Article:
Washington beat the Beavers 69-27 behind 530 rushing yards. Holy moly that was a fun game to watch. Let's get straight into this recap.
John Ross gave the Huskies great field position to start the game with a 62-yard kickoff return while wearing his new number 11. Ross switched his number in order to play on the defensive side of the ball due to the "Myles Jack Effect" as our Anthony Cassino has dubbed it.
Ross' kick return gave Miles a short field to work with, and in seven plays the Huskies had a touchdown via Bishop Sankey. Thanks to another short field due to a good pass rush, Bishop Sankey finished the second Washington drive with his second touchdown of the evening. The first quarter ended with the Huskies winning 17-0.
After another field goal (I'm not even talking about the Oregon State offense because there hasn't been any in the first half) Miles lofted a 28-yard pass just beyond the defense to Kevin Smith. Upon further review, Smith got his booty down in the back of the end zone while clutching the football in his vice-grips. 27-0 Washington at the half.
The shutout was in jeopardy when Brandin Cooks broke a Gregory Ducre tackle, then a couple more Husky tackles and then ran a long ways towards the endzone. It was, luckily for Washington, overturned when it was determined that Cooks stepped out of bounds a long ways from the endzone. Oregon State did eventually score a touchdown, but at that point it was Washington 48-6 after the missed PAT.
How did 48 points happen? Another Bishop Sankey touchdown and a pick-six by Shaq Thomspon. There was also another set of two plays that I really enjoyed (that was later duplicated):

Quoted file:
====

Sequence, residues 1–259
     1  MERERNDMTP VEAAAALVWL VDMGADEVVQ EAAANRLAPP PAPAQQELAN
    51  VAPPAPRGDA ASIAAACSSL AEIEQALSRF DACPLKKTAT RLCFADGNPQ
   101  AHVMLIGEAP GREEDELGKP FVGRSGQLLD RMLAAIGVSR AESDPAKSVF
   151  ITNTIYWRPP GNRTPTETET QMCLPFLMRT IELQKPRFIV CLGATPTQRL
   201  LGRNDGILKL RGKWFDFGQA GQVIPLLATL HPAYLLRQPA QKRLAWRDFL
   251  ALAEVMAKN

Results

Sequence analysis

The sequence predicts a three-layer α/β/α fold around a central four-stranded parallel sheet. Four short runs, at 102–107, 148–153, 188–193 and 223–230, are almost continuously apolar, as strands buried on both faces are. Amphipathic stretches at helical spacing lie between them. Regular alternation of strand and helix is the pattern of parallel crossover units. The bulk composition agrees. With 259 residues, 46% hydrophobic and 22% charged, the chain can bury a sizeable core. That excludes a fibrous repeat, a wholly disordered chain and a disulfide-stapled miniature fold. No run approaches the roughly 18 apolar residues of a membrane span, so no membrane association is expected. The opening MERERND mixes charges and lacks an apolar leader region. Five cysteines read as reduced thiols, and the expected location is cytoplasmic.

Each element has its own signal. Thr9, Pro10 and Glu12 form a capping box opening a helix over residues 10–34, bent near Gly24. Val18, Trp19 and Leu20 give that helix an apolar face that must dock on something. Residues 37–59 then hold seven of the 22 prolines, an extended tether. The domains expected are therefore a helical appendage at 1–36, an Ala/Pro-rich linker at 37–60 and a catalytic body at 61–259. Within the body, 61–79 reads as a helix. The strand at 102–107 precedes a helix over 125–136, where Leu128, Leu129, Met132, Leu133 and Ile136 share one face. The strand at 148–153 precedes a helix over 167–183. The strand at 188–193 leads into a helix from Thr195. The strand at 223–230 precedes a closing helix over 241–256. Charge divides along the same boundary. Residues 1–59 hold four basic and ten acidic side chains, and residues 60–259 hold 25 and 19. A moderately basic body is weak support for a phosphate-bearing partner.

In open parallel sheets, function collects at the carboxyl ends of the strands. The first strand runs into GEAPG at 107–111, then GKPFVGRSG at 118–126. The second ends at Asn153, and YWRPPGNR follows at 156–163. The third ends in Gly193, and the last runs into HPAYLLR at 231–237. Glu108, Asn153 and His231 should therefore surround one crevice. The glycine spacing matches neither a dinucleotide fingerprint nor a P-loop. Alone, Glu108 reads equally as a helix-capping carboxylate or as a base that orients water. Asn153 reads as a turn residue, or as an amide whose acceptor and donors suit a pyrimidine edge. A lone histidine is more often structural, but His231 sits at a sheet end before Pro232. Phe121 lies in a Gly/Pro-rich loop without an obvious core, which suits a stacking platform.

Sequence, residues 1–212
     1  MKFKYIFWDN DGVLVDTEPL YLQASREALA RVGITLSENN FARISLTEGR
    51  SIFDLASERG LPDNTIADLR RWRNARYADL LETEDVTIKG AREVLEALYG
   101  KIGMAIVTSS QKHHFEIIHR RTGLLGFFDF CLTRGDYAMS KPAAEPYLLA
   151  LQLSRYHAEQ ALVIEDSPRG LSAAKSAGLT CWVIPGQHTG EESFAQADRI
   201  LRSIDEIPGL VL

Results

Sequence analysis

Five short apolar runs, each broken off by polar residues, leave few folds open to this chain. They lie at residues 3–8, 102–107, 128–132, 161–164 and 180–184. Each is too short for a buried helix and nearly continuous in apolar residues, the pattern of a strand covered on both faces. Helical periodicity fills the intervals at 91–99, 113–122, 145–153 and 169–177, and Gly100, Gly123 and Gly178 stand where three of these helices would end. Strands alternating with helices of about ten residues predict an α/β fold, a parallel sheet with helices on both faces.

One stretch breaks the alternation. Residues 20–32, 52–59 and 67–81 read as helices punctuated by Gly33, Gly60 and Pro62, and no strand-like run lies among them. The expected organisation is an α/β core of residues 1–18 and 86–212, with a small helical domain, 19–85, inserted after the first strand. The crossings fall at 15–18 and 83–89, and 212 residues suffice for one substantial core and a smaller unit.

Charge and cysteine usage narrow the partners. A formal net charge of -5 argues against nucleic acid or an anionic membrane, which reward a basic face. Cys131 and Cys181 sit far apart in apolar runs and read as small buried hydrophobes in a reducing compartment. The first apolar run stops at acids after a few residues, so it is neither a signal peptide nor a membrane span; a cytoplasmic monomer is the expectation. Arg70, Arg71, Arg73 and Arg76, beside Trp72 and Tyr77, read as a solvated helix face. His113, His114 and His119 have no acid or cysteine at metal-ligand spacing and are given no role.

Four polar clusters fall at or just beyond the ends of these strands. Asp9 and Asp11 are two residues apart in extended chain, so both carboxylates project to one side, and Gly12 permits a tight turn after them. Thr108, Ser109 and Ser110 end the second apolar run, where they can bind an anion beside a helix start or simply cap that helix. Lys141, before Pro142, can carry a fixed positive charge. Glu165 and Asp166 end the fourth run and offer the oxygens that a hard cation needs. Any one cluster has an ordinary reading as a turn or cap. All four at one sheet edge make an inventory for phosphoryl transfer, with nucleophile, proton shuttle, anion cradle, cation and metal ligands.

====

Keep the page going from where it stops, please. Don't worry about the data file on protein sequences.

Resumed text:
This happened later:
Lots of touchdowns in the fourth quarter happened. So, yeah.
Instant Reaction Dots:
- Washington came out to play from the start. There was the kick return by John Ross. What followed that was Washington scoring on their first three drives offensively for 17 points while allowing a total of 50 yards for the first three Oregon State drives.
- Penalties were a non-issue. I'm gonna type that again just because of how hard it is to believe: penalties were a non-issue for the Huskies. Holy crap.
- Cyler Miles wasn't perfect, no. Nobody should expect him to be perfect. He did well enough for UW to win big. He made plays with his legs and made throws to receivers who got open.
- Special teams looked really, really good altogether until the kickoff return touchdown by Victor Bolden. I don't know if you have backups to backups going in on kickoff units, but I did see Callier in there.
- I was talking on Twitter with Hank Jones, a guy who covers the NFL draft. He sees Marcus Peters as a first round NFL draft pick one day. Today we saw why. two picks and a strip with a recovery.
- Washington has a really deep stable of running backs. Bishop Sankey is a 2nd round NFL draft prospect. Dwayne Washington looks like a promising running back for the future. Callier was originally a starter of Sankey, remember? He has to have some ability. Oh and Deontae Cooper. DEONTAE COOPER.
- I started crying when Deontae Cooper scored his touchdown in the third quarter. Every one of you knows his story. He has fought back from three separate ACL tears to play football again. Not only that, but he is considered by many the most upbeat member of the entire football team. The moment couldn't have been better. First he had a big run down the left sideline, followed by the touchdown. That may have been the hardest-earned touchdown of the entire season. Then, he did it again.
For those of you who were following my Twitter stream, you know I was going absolutely nuts.
This hits me especially hard, as last month I tore the ACL in my left knee and have surgery scheduled for next month, as soon as the quarter ends. I have been trying to write a piece on ACL injuries but I never realized just how hard it was going to be to write that. Cooper really gives hope to those suffering from one of the most dreaded injurie for almost any athlete, but especially basketball, soccer and football players. Deontae, you are awesome.